The longer the war lasted, the more the insurance company's business suffered.
Rebuilding was difficult. Because important Allianz buildings were in the Soviet sector, the company decided to move to Munich’s Schwabing district in 1954, with its life insurance business settling in Stuttgart. From then on, Allianz expanded.
Wolfgang Schieren, the seventh chief executive, known in the company by his nickname “General,” looked outside Germany for growth. Among his acquisitions was Italian insurer RAS in 1971. These helped Allianz become Europe’s largest insurance company. Foreign revenue jumped from 2 to more than 40 percent of total revenue.
Mr. Schieren was the embodiment of tradition at Allianz. He was a focused student, a member of a dueling fraternity and a proven agent on the “front” – his euphemism for sales. He adhered to an inconspicuous and patriotic conservatism.
Mr. Schieren was also conscious of his power, expressed in hidden ways. The slogan he chose for the company “…hoffentlich Allianz versichert,” or “Hopefully it’s insured by Allianz,” was as much a symbol of the German economic miracle as the company crest, a stylized eagle.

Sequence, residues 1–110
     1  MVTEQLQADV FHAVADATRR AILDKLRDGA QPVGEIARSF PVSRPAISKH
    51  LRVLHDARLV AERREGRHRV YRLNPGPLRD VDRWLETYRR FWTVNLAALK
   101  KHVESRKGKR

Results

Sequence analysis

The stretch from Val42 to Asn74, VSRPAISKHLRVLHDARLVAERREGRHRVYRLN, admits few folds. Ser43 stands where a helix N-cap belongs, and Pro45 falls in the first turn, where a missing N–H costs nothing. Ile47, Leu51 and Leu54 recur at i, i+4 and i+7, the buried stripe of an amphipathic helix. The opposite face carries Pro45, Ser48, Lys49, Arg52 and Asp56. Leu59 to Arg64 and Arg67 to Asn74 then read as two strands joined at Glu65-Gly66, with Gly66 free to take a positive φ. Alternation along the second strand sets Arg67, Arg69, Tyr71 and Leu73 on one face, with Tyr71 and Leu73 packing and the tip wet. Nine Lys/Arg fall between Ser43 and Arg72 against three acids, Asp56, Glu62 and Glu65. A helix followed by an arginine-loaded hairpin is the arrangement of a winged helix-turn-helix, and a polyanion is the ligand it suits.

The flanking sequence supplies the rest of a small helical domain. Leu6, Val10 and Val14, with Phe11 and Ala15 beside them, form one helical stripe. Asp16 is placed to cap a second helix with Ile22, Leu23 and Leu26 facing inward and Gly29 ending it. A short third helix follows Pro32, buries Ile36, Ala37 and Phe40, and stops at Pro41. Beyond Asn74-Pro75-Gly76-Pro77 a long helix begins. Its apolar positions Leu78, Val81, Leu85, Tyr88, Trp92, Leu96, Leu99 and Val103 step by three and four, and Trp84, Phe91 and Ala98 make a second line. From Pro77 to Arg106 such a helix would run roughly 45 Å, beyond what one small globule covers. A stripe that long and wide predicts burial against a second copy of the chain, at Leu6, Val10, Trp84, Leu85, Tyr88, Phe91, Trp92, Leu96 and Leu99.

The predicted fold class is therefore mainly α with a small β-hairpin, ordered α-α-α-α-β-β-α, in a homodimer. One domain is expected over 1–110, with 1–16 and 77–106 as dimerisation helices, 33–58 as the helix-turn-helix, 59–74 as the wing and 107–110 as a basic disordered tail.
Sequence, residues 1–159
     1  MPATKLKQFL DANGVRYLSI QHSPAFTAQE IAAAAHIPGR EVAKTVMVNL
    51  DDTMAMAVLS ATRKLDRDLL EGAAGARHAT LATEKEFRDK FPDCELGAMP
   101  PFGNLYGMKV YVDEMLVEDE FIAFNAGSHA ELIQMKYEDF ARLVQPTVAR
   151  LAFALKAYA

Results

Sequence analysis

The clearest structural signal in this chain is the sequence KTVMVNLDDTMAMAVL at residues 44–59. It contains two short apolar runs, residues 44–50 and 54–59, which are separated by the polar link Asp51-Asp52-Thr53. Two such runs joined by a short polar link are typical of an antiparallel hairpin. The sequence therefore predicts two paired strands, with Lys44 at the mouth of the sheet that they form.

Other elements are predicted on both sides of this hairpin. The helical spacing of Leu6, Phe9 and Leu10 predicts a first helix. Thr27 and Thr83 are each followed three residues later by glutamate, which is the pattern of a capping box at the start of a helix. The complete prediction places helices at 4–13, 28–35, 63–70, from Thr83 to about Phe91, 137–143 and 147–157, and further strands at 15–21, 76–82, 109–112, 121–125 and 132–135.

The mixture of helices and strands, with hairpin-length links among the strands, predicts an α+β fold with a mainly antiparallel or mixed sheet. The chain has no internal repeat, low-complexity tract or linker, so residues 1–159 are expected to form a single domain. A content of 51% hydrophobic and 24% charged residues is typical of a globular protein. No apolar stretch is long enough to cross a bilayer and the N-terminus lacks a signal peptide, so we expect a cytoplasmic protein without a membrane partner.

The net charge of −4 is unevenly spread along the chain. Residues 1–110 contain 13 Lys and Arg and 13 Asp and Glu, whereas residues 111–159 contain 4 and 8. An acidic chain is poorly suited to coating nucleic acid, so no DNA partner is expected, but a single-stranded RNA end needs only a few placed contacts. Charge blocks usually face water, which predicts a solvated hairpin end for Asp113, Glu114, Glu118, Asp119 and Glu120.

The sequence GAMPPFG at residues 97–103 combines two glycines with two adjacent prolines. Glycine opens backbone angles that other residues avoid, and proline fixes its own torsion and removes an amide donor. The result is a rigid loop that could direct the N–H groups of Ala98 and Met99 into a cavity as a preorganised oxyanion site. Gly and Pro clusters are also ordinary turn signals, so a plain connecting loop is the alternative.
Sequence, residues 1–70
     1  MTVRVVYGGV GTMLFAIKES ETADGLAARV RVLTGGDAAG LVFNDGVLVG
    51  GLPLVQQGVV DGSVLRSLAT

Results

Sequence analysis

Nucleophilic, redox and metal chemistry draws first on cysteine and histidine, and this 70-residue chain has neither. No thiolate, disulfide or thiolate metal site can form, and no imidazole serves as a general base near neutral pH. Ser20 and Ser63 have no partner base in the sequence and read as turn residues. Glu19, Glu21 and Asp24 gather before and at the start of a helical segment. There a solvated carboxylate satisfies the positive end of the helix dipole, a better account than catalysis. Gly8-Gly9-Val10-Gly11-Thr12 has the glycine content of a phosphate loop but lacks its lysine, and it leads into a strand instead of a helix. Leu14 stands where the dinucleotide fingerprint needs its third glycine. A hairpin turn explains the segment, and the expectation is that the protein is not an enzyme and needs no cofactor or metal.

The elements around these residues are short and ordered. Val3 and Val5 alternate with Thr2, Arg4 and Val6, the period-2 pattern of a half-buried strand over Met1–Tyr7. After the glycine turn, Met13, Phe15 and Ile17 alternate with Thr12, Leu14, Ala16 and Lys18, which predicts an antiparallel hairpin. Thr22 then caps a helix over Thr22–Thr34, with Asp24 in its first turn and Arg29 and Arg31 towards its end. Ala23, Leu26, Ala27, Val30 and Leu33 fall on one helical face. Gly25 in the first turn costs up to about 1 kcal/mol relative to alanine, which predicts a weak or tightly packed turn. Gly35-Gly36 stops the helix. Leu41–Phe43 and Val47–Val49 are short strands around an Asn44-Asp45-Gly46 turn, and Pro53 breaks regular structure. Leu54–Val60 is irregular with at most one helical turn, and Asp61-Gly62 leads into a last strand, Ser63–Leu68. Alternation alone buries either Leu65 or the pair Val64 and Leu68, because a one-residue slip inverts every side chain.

The company had business relationships with Siemens, Thyssen and Karstadt, as well as Dresdner Bank, RWE and MAN. It was networked everywhere. Mr. Schieren was the secret game master of the German economy, outdone only by Deutsche Bank – much to his annoyance.
In 1991, when Friedrich Schiefer was about to be named the first CEO who had not risen through the Allianz ranks as an insurance salesman, the appointment was thwarted at the last minute.
After German reunification, Mr. Schieren acquired the former East German government’s insurance monopoly, as well as the Fireman’s Fund Insurance Company in the United States. He resigned as CEO after increasing premium revenues from 3.4 billion to 48.7 billion deutsche marks, and remained chairman of the supervisory board until his death in 1996. Allianz owes its position today to the man with the cold eyes.